יִשְׁלַח מִשָּׁמַיִם וְיוֹשִׁיעֵנִי חֵרֵף שֹׁאֲפִי סֶלָה יִשְׁלַח אֱלֹהִים חַסְדּוֹ וַאֲמִתּוֹ
“He will send from heaven and save me, he will put to shame those who trample on me. Selah. God will send forth his steadfast love and his faithfulness.” (NRSV)
My first reading of this is: “God will send help from far away.” And, there is some basis for this reading. But, that’s not the whole story.
In the Jenni-Westermann Theological Lexicon of the Old Testament we read:
Heaven often appears as the dwelling place of Yahweh and his hosts…, so that he also acts from heaven (e.g., Deut 4:39; 10:14; 26:15; 1 Kgs 8:23, 30, etc.; Isa 63:15; 66:1; Psa 2:4; 11:4; 20:7; 89:12; 102:20; 115:3, 16; Lam 3:41, etc….).” The Lexicon quickly adds that even Heaven itself is, of course, not adequate to either contain or constrain God. “As God’s resting place, heaven naturally belongs to the cultically pure realm (cf. Exod 24:10; …). Heaven is not able to contain God, however, because he stands beyond any cosmic boundary (1 Kgs 8:27; 2 Chron 2:5; 6:18; cf. Jer 23:24).
— Theological Lexicon of the Old Testament edited by Ernst Jenni with assistance from Claus Westermann © 1997 by Hendrickson Publishers Used by permission. Electronic text hypertexted and prepared by OakTree Software, Inc. Version 1.4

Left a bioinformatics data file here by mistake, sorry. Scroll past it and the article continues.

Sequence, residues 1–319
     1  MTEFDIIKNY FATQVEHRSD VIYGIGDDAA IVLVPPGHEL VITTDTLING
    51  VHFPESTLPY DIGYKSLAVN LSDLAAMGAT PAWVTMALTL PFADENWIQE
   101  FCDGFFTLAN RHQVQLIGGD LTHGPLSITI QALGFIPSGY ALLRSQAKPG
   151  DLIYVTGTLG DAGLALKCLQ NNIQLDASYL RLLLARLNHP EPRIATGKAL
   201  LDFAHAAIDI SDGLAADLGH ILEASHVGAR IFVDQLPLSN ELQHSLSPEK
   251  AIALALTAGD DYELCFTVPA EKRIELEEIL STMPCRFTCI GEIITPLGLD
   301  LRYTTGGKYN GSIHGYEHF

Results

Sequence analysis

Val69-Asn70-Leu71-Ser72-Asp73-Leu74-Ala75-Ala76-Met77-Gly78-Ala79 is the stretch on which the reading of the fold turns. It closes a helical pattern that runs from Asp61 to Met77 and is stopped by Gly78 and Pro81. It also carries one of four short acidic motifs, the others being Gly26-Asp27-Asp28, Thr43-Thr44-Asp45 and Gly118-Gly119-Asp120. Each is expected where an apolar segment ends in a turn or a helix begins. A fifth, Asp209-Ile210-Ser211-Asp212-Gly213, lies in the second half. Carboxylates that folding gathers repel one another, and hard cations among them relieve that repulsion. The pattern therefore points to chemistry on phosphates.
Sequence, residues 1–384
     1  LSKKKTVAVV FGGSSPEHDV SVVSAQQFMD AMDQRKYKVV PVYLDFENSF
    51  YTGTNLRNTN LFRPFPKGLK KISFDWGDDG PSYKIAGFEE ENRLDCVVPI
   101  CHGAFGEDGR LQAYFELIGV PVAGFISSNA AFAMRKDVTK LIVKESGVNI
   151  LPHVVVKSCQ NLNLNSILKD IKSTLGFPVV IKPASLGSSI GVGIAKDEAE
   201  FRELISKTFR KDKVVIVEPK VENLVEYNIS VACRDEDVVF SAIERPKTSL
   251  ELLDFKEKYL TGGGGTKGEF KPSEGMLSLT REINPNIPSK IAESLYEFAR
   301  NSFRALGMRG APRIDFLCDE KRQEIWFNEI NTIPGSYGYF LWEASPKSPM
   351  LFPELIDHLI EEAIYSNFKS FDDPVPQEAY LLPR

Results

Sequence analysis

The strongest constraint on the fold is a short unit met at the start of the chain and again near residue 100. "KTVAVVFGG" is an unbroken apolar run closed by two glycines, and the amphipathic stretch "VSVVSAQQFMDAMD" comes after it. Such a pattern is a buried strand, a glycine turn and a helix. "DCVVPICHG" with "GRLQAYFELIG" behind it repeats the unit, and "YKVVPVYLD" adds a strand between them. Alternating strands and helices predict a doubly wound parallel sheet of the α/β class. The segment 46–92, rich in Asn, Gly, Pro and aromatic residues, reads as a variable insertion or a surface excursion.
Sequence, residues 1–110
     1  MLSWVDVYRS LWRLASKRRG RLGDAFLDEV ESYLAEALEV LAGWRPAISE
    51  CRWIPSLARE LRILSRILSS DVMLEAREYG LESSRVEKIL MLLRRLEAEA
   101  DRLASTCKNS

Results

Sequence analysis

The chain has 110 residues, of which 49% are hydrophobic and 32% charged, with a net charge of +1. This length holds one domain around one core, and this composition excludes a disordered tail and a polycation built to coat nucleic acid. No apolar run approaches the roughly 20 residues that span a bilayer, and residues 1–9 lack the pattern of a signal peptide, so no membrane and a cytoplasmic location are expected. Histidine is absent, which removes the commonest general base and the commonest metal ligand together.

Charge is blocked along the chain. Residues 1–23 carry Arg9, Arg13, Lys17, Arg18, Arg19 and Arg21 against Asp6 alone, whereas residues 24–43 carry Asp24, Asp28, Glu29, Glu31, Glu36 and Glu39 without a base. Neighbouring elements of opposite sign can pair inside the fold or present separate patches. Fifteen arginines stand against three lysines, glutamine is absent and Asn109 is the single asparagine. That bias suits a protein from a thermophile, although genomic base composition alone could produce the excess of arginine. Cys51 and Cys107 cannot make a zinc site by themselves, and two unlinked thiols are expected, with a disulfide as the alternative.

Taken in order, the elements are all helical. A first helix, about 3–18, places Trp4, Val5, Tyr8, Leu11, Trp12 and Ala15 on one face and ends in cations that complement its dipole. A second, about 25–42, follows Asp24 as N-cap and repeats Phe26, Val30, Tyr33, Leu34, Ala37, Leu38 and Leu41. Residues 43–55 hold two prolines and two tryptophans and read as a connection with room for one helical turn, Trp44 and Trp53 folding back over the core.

A visitation of God is an experience of heaven on earth. As the song says:
“Heaven came down and glory filled my soul,
When at the cross the Savior made me whole;
My sins were washed away and my night was turned to day,
Heaven came down and glory filled my soul!”
There may well be a time for saying: “God is in Heaven and all is well on earth.” But, when all is clearly not well, when there is trouble or confusion or lostness or grief, we want “heaven to come down.” Thus, Jesus taught us to pray a prayer that seeks to bring the realms of Heaven and earth together: “Thy Kingdom come, Thy will be done on earth as it is in heaven.”
Since even heaven (whatever, and wherever it is) cannot itself contain God, how can I think of God as “far away”? Several years ago I remember reading these words in Dallas Willard’s book The Divine Conspiracy: Rediscovering Our Hidden Life In God:
The Old Testament experience of God is one of the direct presence of God’s person, knowledge, and power to those who trust and serve him. Nothing — no human being or institution, no time, no space, no spiritual being, no event — stands between God and those who trust him. The ‘heavens’ are always there with you no matter what, and the ‘first heaven,’ in biblical terms, is precisely the atmosphere or air that surrounds your body. (p. 67)
When Paul on Mars Hill told his Greek inquisitors that in God we ‘live and move and exist,’ he was expressing in the most literal way possible the fact learned from the experience of God’s covenant people, the Jews. He is not speaking metaphorically or abstractly. (p. 68)